Those who support her laud “Notorious Victoria” as a gifted spiritualist medium and healer, a talented financial mind, a fresh voice in the suffrage movement, and the radical idealist needed to move the nation forward. But those who dislike her see a dangerous force who is too willing to speak out when women are expected to be quiet. Ultimately, “Mrs. Satan’s” radical views on women’s rights, equality of the sexes, free love and the role of politics in private affairs collide with her tumultuous personal life to endanger all she has built and change how she is viewed by future generations. 
This is the story of one woman who was ahead of her time – a woman who would make waves even in the 21st century – but who dared to speak out and challenge the conventions of post-Civil War America, setting a precedent that is still followed by female politicians today.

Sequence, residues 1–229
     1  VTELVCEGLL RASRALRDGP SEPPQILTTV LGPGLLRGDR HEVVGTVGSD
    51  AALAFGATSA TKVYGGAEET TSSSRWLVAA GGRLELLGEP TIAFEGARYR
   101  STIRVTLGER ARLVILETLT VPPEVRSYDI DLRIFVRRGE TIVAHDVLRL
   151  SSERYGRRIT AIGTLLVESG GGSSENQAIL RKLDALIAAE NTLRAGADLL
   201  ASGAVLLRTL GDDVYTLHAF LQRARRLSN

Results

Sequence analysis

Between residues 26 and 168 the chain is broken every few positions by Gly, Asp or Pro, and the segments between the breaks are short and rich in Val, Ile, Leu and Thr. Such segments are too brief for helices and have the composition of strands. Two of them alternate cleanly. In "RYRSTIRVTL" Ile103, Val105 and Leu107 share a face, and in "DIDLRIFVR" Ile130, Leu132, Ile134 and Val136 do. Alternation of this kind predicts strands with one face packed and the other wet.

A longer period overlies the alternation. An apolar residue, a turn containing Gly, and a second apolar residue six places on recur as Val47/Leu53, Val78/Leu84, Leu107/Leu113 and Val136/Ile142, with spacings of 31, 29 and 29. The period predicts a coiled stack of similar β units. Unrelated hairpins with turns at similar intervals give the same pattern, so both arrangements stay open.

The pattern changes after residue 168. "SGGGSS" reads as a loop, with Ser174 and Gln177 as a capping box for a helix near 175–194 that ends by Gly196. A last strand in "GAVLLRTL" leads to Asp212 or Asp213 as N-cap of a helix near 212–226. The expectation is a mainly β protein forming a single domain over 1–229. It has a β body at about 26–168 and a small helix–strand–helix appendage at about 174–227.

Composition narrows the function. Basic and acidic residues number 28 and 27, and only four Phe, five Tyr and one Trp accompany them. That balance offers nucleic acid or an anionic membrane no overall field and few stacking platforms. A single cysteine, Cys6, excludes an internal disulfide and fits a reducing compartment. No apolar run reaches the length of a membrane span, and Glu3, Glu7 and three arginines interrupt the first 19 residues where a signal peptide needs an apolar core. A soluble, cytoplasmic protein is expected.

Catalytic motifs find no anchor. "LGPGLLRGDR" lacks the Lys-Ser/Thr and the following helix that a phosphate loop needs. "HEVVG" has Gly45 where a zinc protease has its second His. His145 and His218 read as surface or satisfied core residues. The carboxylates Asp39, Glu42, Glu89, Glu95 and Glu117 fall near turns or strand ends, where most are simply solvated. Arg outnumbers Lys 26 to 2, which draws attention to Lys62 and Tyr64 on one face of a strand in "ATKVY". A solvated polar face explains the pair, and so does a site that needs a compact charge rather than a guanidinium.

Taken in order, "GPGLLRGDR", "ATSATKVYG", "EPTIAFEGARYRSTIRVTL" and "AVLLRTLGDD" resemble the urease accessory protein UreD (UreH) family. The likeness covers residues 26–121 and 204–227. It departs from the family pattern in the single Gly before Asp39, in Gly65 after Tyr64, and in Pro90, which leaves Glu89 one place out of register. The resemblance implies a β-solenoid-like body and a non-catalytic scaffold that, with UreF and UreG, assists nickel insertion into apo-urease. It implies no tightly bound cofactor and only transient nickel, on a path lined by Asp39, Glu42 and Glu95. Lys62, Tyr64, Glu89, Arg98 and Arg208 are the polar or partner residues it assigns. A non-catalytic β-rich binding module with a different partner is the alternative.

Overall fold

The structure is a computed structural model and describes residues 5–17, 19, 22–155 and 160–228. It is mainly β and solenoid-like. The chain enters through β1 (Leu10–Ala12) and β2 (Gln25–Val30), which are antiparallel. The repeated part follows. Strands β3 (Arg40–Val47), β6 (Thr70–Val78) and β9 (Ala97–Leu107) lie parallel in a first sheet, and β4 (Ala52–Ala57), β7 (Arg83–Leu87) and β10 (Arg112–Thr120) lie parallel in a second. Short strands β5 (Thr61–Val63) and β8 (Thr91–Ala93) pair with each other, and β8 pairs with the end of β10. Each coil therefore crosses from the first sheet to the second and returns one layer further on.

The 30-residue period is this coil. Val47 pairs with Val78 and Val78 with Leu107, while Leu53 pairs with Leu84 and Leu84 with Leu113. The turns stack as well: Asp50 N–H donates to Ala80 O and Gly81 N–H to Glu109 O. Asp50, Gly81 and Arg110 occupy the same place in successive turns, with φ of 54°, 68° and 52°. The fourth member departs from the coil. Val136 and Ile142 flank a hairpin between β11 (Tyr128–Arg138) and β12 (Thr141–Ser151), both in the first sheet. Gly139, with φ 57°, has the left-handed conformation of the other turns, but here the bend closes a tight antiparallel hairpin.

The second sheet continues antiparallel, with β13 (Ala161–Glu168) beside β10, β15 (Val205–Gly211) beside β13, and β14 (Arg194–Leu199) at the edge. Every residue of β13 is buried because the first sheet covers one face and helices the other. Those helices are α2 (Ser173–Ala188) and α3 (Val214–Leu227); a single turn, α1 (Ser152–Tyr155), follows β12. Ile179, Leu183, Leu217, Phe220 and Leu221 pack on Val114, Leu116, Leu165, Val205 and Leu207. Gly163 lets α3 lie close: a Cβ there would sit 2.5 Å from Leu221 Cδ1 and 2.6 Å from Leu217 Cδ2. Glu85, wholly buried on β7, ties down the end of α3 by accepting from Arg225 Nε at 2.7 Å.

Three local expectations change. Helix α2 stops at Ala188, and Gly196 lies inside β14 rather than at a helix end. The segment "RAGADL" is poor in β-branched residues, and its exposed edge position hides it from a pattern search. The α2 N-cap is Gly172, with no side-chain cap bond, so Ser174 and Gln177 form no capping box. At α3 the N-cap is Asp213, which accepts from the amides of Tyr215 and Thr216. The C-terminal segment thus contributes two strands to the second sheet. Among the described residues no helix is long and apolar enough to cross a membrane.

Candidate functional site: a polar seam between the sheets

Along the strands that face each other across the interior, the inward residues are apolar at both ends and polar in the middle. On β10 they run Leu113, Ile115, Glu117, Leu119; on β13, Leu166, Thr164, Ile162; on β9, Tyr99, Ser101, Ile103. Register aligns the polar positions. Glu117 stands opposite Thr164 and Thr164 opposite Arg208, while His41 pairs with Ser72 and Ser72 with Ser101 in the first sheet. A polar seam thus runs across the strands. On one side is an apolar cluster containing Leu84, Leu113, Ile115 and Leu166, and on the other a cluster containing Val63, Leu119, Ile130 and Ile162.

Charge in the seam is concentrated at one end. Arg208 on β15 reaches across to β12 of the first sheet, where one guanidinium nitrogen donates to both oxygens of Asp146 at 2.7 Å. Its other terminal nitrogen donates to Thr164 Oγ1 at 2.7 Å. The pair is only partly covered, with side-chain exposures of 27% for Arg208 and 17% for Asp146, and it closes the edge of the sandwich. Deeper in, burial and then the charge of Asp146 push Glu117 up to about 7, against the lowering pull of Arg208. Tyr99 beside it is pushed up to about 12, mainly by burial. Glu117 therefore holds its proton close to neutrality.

Nicole is a member of and book reviewer for The Historical Novel Society, and Sirens (a group supporting female fantasy authors), as well as a member of the Historical Writers of America, Women’s Fiction Writers Association, Romance Writers of America, the St. Louis Writer’s Guild, Women Writing the West, Broad Universe (promoting women in fantasy, science fiction and horror), Alliance of Independent Authors, the Independent Book Publishers Association and the Midwest Publisher’s Association.

Her website is

She can be reached online at:


  1. Thank you for hosting me, Brenda!

    1. My pleasure, Nicole. Your book sounds fascinating.

  2. Simply inspiring! Thanks for sharing, Nicole. I'm putting your book on my TBR list.

    1. Thanks for commenting, Joanne. It does sound intriguing!